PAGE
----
Saturday, October 1, 2011

Doing Time in Terminal F

Living here in Iceland gives me little leeway in flying options. It takes two days travel coming or going. One day of actual flying time, one day in which to be stranded in some city due to canceled flights. I’ve seen flights cancelled because a bird almost hit the plane, the toilets quit working, an elderly early boarder threatened someone’s well being (and the TSA has to take all threats seriously even if it is a 174 year old woman yelling ‘The Yankees are Coming’) and of course the inexplicable clear sunny day cancellation where the dreaded word CANCELLED simply pops up on the monitor for no apparent reason.
I plan for the inevitable delays, keeping my laptop and a change of clothing on hand. In winter I dress in layers (Siberian work camp style) in order to have some extra clothes with me in addition to what can be jammed into my bag and carried on and slammed, shoved and forced into the overhead bin. Fruit and water are always on my person for those hours spent sitting on the runway awaiting the elusive gate. Least this sound like a complaint let me be clear, getting stuck mid-route is a bit of a writer’s dream. The material that can be garnered sitting in an airport pub is priceless. People talk. I have one of those faces. “You can trust me with your most intimate secrets. I will put you in a novel, but I will guard your identity so closely even you will not recognize yourself.”  At least that is what I think I’m generating. Perhaps it is simply that I dare to make eye contact.

Still, no amount of advance planning or prayer can completely prepare one for a stint in Terminal F. You can try to avoid it, but eventually the gravitational pull will suck you in and once you are there you must defy physics to escape. Forget about your luggage too. I’d long suspected that it was tossed into an incinerator out back, but realized I might be wrong when I saw an employee wearing what looked suspiciously like my favorite sweater on a later trip. Well, perhaps her Grandmother knitted her an exact replica – it is, after all, a great big universe full of possibility and cosmic coincidence.
Terminal F is not part of the actual airport – you have to take a shuttle to either escape or be sentenced to it. Said shuttle literally drives over runways and around moving aircraft at impressive speeds, I have reason to believe it inspired The Knight Bus in the whole Harry Potter series. Same driver. There is no Wi-Fi in Terminal F and you are not allowed to leave your gate no matter how many times your plane is cancelled, including if it is postponed overnight. If you do, they will secretly sneak the cancelled plane to the gate, while you are off chatting it up with some Rock Star in a pub in the main terminal, and they will leave without you – and refuse to rebook you unless you purchase another ticket.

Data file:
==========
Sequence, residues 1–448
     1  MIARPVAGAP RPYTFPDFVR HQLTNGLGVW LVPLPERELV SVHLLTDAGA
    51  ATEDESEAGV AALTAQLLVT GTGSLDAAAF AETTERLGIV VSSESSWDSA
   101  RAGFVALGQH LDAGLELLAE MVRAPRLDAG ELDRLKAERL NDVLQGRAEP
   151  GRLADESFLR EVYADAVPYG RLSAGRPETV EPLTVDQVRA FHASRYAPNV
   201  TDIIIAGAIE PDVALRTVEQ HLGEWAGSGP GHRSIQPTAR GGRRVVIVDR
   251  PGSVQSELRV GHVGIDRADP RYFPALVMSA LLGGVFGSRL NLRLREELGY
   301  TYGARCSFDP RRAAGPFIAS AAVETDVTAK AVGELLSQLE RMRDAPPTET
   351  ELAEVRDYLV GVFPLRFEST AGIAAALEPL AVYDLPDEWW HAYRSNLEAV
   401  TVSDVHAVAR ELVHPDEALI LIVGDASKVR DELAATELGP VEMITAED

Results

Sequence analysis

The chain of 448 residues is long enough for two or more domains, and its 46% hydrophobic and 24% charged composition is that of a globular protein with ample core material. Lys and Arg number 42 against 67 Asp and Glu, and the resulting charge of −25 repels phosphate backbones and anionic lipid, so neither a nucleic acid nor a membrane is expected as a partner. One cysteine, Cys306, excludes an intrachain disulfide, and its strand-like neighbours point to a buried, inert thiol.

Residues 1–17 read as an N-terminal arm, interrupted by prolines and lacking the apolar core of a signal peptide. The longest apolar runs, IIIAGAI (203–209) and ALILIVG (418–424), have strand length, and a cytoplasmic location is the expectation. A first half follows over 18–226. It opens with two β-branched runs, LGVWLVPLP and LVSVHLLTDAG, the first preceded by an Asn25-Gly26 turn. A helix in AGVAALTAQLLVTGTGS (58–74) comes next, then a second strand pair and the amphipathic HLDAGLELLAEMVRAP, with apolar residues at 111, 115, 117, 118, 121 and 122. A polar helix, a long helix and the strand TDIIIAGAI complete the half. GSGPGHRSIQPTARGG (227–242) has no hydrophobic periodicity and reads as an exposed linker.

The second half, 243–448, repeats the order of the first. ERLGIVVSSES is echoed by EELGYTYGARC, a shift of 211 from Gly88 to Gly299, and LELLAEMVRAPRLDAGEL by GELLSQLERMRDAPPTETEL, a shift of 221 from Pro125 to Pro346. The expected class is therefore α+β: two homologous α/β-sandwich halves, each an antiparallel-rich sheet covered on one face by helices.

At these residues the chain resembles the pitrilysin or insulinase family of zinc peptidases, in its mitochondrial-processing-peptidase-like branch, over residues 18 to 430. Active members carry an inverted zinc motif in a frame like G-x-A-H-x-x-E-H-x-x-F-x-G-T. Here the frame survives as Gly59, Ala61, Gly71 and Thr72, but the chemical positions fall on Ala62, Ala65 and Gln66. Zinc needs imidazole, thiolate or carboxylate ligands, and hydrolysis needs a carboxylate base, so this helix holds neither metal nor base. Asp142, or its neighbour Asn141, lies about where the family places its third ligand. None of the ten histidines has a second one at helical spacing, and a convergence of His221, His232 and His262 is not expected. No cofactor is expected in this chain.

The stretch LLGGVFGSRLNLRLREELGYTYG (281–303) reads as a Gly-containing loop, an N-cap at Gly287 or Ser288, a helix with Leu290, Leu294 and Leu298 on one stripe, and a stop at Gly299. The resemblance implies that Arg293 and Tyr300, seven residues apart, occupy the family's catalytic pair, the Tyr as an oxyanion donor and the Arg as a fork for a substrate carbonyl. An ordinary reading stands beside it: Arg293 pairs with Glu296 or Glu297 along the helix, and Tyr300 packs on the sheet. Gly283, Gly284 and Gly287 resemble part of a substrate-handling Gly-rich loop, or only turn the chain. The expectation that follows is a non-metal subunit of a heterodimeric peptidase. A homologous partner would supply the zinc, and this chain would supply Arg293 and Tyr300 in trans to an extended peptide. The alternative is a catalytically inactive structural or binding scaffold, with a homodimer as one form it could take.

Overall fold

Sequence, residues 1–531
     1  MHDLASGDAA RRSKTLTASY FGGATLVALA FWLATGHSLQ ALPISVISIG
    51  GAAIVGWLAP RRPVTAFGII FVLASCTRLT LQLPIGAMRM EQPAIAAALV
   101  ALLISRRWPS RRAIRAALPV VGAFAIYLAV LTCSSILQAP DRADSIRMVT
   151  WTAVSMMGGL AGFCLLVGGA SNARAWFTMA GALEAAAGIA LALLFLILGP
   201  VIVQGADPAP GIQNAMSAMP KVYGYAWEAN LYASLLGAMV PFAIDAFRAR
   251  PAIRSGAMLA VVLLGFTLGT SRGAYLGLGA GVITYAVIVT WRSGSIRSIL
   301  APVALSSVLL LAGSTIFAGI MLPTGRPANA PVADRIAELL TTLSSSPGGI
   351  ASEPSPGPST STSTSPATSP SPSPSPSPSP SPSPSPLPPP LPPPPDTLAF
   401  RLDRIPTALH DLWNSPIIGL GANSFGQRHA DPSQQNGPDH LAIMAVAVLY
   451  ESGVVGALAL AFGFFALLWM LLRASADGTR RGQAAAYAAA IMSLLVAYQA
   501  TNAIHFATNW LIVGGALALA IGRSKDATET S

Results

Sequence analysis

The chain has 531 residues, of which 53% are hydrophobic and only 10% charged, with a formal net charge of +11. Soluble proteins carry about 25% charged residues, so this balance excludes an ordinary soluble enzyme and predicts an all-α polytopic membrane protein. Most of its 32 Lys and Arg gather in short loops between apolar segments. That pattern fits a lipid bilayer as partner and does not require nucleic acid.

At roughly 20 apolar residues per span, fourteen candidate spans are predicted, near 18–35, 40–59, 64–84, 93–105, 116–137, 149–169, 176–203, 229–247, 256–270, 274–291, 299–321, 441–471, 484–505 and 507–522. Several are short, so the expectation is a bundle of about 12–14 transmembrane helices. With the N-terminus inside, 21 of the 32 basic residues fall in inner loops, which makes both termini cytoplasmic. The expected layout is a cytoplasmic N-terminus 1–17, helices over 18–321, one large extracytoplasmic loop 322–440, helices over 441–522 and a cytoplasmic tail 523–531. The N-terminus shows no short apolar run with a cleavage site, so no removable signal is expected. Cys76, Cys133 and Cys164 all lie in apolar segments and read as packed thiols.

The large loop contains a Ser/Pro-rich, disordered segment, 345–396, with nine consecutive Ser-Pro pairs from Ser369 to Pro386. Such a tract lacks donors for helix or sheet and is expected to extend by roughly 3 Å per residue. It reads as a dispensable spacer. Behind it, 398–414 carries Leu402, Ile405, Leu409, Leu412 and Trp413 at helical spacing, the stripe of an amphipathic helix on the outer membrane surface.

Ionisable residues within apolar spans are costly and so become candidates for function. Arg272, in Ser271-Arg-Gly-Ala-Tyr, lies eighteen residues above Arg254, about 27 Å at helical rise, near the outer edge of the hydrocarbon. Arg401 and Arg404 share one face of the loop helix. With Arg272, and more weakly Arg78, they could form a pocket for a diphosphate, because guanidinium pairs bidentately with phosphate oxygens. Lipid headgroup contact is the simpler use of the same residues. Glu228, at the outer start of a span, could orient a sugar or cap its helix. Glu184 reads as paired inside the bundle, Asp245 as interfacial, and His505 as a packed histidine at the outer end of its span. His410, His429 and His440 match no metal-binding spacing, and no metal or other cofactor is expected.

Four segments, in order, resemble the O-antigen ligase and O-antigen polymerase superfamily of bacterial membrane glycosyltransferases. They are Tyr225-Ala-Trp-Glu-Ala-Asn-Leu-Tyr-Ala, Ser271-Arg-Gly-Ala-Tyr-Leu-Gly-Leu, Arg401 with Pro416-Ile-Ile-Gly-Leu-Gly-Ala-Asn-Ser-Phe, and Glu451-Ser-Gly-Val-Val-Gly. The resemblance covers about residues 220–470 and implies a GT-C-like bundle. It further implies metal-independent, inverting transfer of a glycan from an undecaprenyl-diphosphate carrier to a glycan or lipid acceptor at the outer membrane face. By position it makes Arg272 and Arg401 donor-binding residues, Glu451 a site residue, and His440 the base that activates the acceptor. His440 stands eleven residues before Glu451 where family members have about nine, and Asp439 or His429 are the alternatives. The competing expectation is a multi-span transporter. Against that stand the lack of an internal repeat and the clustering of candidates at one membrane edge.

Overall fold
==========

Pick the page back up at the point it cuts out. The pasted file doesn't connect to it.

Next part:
My heart always goes out to the poor condemned souls sentenced to work the Gates in Terminal F. Once a young woman took the phone call that those of us waiting knew would be the next cancellation and instead of announcing it bravely to the sea of hostile faces, she grabbed her pocketbook and literally ran away. Sometimes a passenger will revolt and rent a vehicle from their cell phone and then invite fellow inmates to escape with them by car. They go skipping off happily, knowing they’ll never see their luggage again but we all know freedom has a price. Those of us who are well versed in geography also know you cannot drive a car to Iceland from Terminal F, because the one-way rates on rental cars are astronomical, so we continue to sit at the gate and exist on lifesavers and fruit roll-ups praying for the governor to call with a pardon.

(In celebration of the fact that I did escape Terminal F once more, I have a delicious bar of dark chocolate that I would like to share.  Post your own Terminal F story in my comments and if it moves me, it is yours.)

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